Russia (AFP) - A
week ago Masha, a 19-year-old heroin addict, found out
that she is HIV
positive. Now she fears she may have passed on the
deadly virus to her
boyfriend when he was back on army leave last
- "We had such a beautiful romance that month, I even
stopped injecting drugs. I just don't know what do to. Maybe I infected
him. One time we didn't use a condom," the thin dark-haired girl
- "I can't write to him there about my condition.
what that might drive him to," she said staring down at
- On the outskirts of the historic Siberian city of Irkutsk
a sprawling red-brick complex where a small AIDS centre and clinic
battling with a frightening explosion in HIV cases among young injecting
drug users who transmit the illness to each other by sharing contaminated
- Doctor Yulia Rakina, whose team of 36 physicians is responsible
for testing incidence of HIV among the three million people who live in
Irkutsk and the surrounding region, said they were struggling to cope with
- "We don't have the proper resources. The authorities
appear to have realised that the scale of the problem has changed
dramatically," she said.
- Unknown here before 1992, 37 cases of the HIV virus that
leads to AIDS were registered by January 1 last year.
- Twenty-three months later more
than 7,500 people have
been tested HIV positive -- a staggering 10,000
percent increase -- and
the figure is forecast to rise by another third
before the end of the year
- But because of fear and
self-denial among addicts, who
represent 95 percent of all HIV cases in
Irkutsk, the real statistics are
actually six times higher because few
of them are volunteering for tests,
according to Doctor Rakina.
- A region where an
estimated one quarter to a third of
young people aged from 15-25 are
using drugs, Irkutsk lies third behind
the Moscow region and the
Russian capital in the nation's HIV league table.
- Like other big cities where
drug abuse is closely tied
to HIV, the fear is that the disease could
soon begin to spread much faster
through unprotected sex, with condoms
rarely used by Russian youth who
nowadays experiment with multiple
- "We must learn how to deal with this situation.
vital urgency," admitted the head of Irkutsk's regional health
committee, Ludmilla Kitova.
- But the health chief insisted that the authorities'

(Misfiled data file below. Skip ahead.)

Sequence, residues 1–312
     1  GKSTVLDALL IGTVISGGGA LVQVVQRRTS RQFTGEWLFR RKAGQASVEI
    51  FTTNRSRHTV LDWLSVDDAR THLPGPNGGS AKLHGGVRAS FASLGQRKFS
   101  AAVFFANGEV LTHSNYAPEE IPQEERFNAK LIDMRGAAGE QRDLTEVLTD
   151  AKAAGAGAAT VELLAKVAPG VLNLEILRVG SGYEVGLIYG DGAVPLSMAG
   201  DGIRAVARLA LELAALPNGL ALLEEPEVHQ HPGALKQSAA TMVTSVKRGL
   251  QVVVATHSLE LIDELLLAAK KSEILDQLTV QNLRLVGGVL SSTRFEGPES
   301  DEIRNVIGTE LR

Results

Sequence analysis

policy of directing their budget towards testing for new
HIV cases and
treatment, leaving little money to fund vital prevention
- "We have very limited
resources. Our programme is
purely medical. We are ready to work with
international organisations in
this sphere but we would need a great
deal of money (from them),"
- Top officials from the United
Nations' anti-AIDS programme,
which is helping to launch prevention
campaigns in 17 Russian regions but
has been rebuffed in Irkutsk, say
this attitude is disastrously short-sighted.
- "A lot of money is going
down the drain. Money is
there which they are spending on testing. They
have to rethink how to reallocate
resources to prevention," said
the UN programme's coordinator Tatyana
- Despite 20 million tests a year
in Russia, which pointlessly
target low-risk groups, only 70,000 HIV
cases have been identified, she
- The money should instead be
spent counselling young people
how to avoid sexually transmitted
diseases and HIV infection, providing
addicts with clean needles and
distributing free condoms.
- International organisations for their part are not
to assume the responsibility for mounting such a campaign
because the aim
is to foster local initiative which will prove
sustainable in the long-term,
- "This is typical of the
fear and withdrawal that
we have observed in Russia in relation to HIV
and AIDS," commented
the UN official.
- Doctor Rakina agreed,
complaining that in post-Soviet
Russia, hostility towards a section of
society seen as delinquents and
misfits made it hard to persuade
decision-makers to spend scarce resources
on working with drug
- "It is very hard to win over the general population
those who don't work in this sphere, even the regional administration.
You have to make people understand that the key task is not even treatment
but prevention," she said.
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